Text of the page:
Born in New Zealand, Hannah Tunnicliffe is a self-confessed nomad. She has previously lived in Canada, Australia, England, Macau and, while travelling Europe, a campervan named Fred. She currently lives in New Zealand with her husband and two daughters, having happily ditched a career in Human Resources to become an author. When she is not writing or reading she can usually be found baking or eating and sometimes all four at the same time (which is probably somewhat hazardous). She is founder and co-author of the blog Fork and Fiction, which, unsurprisingly, explores her twin loves - books and food. Season of Salt and Honey is her second novel.
By Hannah Tunnicliffe
This was such a challenging exercise! Perhaps I am an especially indecisive person because I think choosing five of anything is difficult Ė five best meals, five pieces of clothing, five songs Ė but Ö only five books?! Almost impossible. So, I have decided to select the five books that continued to haunt me long after they were read, the books that changed my life in some tangible way, the books I always have to buy new copies of because I lend them out and they donít come back. Iíve listed them in chronological order, my personal chronology that is, from childhood to adulthood.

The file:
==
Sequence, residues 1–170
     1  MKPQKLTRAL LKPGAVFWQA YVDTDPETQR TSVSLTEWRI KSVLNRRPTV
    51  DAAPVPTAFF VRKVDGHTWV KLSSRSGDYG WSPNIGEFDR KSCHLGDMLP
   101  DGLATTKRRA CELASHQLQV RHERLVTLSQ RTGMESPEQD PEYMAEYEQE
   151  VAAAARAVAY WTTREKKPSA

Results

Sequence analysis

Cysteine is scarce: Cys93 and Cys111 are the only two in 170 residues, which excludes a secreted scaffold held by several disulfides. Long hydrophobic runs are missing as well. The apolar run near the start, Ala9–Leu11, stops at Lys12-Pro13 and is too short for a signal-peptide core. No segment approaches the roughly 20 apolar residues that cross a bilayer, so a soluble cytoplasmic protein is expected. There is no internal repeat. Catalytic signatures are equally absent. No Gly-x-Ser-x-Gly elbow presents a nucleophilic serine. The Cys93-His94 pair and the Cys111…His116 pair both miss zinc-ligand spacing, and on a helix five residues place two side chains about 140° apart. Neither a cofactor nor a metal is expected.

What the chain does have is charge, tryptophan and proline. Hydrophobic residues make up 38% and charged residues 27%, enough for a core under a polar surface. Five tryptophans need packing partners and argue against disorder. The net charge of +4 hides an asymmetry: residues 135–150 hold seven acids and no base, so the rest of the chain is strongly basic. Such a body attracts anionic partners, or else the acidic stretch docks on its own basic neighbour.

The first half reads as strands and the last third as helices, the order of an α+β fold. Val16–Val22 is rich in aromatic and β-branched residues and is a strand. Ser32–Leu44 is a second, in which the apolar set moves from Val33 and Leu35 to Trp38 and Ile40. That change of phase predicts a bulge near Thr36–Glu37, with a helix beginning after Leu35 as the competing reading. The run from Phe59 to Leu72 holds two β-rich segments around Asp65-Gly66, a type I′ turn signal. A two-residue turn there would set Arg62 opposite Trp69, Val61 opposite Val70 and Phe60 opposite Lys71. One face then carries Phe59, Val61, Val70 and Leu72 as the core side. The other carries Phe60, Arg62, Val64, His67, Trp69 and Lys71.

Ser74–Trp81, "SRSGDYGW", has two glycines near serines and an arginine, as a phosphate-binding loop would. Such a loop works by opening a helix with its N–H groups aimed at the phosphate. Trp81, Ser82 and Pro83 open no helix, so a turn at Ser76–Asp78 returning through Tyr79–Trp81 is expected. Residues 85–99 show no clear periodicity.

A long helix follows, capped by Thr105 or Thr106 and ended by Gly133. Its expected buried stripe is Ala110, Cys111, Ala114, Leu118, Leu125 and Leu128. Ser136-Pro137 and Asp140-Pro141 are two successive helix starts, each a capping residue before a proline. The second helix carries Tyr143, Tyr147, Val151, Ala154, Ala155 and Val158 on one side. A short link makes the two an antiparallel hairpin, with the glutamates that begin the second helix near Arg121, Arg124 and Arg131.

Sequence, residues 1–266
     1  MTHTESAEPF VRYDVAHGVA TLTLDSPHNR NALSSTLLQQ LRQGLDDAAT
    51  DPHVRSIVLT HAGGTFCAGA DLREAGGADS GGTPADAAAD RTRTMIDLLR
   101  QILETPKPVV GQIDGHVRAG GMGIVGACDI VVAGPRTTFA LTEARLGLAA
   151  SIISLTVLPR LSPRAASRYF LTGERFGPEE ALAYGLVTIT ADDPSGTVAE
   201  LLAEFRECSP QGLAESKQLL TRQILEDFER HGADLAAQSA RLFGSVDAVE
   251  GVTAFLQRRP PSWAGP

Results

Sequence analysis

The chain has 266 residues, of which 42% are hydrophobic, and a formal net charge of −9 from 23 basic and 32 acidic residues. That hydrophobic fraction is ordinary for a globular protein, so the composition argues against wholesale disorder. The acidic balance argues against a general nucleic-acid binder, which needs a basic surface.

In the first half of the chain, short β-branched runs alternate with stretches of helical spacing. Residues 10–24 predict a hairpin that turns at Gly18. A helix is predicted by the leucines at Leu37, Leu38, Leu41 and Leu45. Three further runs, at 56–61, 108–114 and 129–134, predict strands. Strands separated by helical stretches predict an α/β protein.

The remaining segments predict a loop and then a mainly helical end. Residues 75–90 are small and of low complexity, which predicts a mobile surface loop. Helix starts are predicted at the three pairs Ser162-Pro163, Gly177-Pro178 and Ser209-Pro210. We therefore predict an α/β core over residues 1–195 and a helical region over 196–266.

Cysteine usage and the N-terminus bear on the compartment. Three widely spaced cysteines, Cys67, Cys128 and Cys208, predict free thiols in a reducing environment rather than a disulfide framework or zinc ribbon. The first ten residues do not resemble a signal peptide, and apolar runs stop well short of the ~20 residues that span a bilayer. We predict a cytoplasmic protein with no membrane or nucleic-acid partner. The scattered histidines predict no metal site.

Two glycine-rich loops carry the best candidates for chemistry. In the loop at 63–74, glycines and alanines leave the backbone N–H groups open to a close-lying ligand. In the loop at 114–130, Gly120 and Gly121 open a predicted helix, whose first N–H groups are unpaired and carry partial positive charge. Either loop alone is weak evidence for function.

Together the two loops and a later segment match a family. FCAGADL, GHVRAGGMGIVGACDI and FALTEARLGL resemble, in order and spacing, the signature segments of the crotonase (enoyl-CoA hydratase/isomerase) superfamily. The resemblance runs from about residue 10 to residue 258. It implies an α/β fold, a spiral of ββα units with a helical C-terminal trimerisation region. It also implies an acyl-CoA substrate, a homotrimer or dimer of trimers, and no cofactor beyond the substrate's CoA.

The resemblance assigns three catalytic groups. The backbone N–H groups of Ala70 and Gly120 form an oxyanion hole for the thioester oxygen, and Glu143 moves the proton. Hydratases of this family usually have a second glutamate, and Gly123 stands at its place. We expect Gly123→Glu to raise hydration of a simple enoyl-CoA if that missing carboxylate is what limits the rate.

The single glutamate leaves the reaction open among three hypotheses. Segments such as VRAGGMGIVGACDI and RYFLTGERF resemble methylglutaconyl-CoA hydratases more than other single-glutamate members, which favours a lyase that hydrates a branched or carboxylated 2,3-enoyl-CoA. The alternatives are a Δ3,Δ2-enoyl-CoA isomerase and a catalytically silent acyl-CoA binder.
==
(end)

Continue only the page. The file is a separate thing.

Iíll be frank. I almost chose Danny the Champion of the World by Roald Dahl but Anne of Green Gables won out. The story of an orphan girl in the early 1900ís settling into her new family in Prince Edward Island is timelessly captivating and inspiring. Anne is optimistic, plucky and charming and I adore her to this day. I know my own copy of this book so well I can tell you without looking at it that there is a green ink stain on the top of the pages and a tear in the chapter ďTempest in a TeapotĒ and the whole book is rippled and buckled from being dropped in the bath many times.
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